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Benno Brings Tiny-Tailed Lobster to $20-Million Lincoln: Review

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Photographer: Paul Goguen/Bloomberg

The elegant bar area at Lincoln.

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Photographer: Paul Goguen/Bloomberg

The elegant bar area at Lincoln. Close

The elegant bar area at Lincoln.

Photographer: Paul Goguen/Bloomberg

A few of the Met from a dining room at Lincoln. Close

A few of the Met from a dining room at Lincoln.

Photographer: Paul Goguen/Bloomberg

The exterior of Lincoln restaurant, with a sculpture by Henry Moore in the foreground, in New York. The restaurant is located at 142 West 65th Street in Manhattan. Close

The exterior of Lincoln restaurant, with a sculpture by Henry Moore in the foreground, in New York. The restaurant is... Read More

Photographer: Paul Goguen/Bloomberg

The east dining room at Lincoln. Close

The east dining room at Lincoln.

Photographer: Paul Goguen/Bloomberg

A dining room at Lincoln. Close

A dining room at Lincoln.

Photographer: Paul Goguen/Bloomberg

Terrina di fegato grasso at Lincoln is made with foie gras, oxtail and beef tongue terrine with mustard seed agro-dolce. Close

Terrina di fegato grasso at Lincoln is made with foie gras, oxtail and beef tongue terrine with mustard seed agro-dolce.

Photographer: Paul Goguen/Bloomberg

Raviolo d'Astice at Lincoln, made with Nova Scotia lobster and romanesco tarragon. Close

Raviolo d'Astice at Lincoln, made with Nova Scotia lobster and romanesco tarragon.

Photographer: Paul Goguen/Bloomberg

Pollo arrosto con zuppa Gallurese at Lincoln. The dish is made with chicken, pane Toscano, cabbage and provolone. Close

Pollo arrosto con zuppa Gallurese at Lincoln. The dish is made with chicken, pane Toscano, cabbage and provolone.

Photographer: Paul Goguen/Bloomberg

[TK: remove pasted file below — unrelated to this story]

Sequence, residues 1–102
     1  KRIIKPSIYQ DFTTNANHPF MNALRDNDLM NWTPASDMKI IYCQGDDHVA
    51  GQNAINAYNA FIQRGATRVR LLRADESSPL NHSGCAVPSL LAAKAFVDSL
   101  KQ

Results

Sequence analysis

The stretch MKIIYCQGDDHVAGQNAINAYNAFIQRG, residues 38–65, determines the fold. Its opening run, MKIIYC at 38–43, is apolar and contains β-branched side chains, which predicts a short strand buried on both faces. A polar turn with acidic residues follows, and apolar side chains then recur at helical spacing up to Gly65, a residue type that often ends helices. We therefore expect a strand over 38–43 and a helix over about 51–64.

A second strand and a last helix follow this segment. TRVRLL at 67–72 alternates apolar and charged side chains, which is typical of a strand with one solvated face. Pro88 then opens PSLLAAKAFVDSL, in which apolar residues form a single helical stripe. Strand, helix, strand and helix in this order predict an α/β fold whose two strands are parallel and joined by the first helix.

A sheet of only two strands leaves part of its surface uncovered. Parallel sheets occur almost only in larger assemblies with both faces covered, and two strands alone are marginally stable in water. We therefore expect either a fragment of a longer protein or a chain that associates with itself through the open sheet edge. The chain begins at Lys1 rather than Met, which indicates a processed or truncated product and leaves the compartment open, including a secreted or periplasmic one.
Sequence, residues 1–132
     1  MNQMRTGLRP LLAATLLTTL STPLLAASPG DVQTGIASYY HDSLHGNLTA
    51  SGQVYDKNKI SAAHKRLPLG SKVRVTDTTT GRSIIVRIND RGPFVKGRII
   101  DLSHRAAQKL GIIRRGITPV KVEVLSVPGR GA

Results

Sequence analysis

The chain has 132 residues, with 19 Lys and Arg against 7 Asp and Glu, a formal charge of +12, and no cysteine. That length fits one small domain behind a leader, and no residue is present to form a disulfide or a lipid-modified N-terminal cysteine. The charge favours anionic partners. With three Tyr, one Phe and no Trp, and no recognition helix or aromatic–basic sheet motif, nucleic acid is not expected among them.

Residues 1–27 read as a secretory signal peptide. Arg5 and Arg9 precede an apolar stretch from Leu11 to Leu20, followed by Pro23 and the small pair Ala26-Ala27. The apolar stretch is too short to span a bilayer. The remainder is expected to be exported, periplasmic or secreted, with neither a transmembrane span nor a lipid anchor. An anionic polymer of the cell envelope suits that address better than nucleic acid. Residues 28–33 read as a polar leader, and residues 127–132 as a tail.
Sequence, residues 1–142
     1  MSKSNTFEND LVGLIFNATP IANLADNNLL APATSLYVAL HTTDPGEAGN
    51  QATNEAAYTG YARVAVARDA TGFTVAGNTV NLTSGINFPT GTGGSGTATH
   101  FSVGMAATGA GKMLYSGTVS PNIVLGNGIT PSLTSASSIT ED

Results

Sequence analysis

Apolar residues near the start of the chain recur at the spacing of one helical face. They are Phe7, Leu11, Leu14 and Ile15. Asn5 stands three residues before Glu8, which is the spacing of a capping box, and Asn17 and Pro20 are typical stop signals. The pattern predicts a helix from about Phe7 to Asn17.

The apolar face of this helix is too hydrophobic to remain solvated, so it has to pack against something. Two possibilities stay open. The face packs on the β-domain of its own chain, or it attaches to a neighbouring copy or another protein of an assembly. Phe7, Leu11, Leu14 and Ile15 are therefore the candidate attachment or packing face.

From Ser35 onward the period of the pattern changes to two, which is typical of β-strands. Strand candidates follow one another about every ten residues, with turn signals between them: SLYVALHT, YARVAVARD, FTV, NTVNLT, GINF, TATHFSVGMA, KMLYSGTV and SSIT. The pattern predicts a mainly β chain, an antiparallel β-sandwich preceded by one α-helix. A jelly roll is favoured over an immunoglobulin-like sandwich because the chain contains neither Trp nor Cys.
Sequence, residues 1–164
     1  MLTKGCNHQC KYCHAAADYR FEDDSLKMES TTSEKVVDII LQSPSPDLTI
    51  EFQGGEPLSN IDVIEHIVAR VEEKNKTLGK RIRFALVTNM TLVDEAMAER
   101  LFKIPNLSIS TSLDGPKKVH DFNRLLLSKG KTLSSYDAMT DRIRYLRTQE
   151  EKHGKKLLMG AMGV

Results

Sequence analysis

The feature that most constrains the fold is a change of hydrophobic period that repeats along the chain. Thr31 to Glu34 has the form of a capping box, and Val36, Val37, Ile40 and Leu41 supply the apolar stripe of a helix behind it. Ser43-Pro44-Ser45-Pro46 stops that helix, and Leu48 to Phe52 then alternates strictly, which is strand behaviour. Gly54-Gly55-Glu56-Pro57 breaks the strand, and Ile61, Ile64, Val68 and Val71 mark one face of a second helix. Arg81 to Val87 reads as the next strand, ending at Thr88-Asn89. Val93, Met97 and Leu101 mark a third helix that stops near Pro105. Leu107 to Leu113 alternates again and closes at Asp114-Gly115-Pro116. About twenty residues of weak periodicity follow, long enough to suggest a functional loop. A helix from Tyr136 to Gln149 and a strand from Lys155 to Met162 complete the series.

Tiramisu with tuile al cacao at Lincoln. Close

Tiramisu with tuile al cacao at Lincoln.

Photographer: Paul Goguen/Bloomberg

The west dining room at Lincoln in New York. The restaurant is located at 142 West 65th Street at Lincoln Center. Close

The west dining room at Lincoln in New York. The restaurant is located at 142 West 65th Street at Lincoln Center.

Eventually, Jonathan Benno’s $20 million Lincoln should become the destination restaurant it’s meant to be. The food has a long way to go, but the digs are really nice.

This occurred to me as I chewed, and chewed, on the pork loin. The leathery texture seemed less challenging as I gazed at the Metropolitan Opera across the plaza, enticingly framed by Lincoln’s enormous glass walls.

So it goes at Lincoln Center’s latest addition, more than just a fancy trattoria serving a mixed-bag of ridiculously expensive entrees. Enter the glass and wood space, its roof a grassy hillock where Juilliard dancers soak up sun, and you’re part of one of the city’s great new gathering spots.

Then the build-your-own Negroni bar blurs the focus.

This aperitif is typically a tannic mix of gin, Campari and sweet vermouth. Lincoln offers 125 variants. I paired Hendricks (cucumbery), Aperol (orangey) and Lillet Blanc (flowery) for a lighter riff on the original. It was lovely.

Sip your potable, swivel in your leather chair and contemplate the reflecting pool outside -- if you’re sitting in the East room.

You then look at the menu and probably grow despondent. Benno’s backing comes from the Patina Restaurant Group, responsible for the Rockefeller Center Ice Rink, Macy’s Cellar Bar & Grill, Tortilla Jo’s at Disneyland and various other venues whose goal is to get you in, ply you with cost-effective inoffensive fare and get you out in a fixed period of time. And that’s exactly the type of efficiency many of Lincoln’s pre- theater diners undoubtedly will seek out.

Lazy Salad

The first item listed is a $16 salad. When Benno was chef at Thomas Keller’s Per Se, he paired sweet beets with a gel made stringent with Angostura bitters, a brilliant melange of earthy textures and flavors. Lincoln’s mixed-green salad could be anybody’s, and it’s oversalted.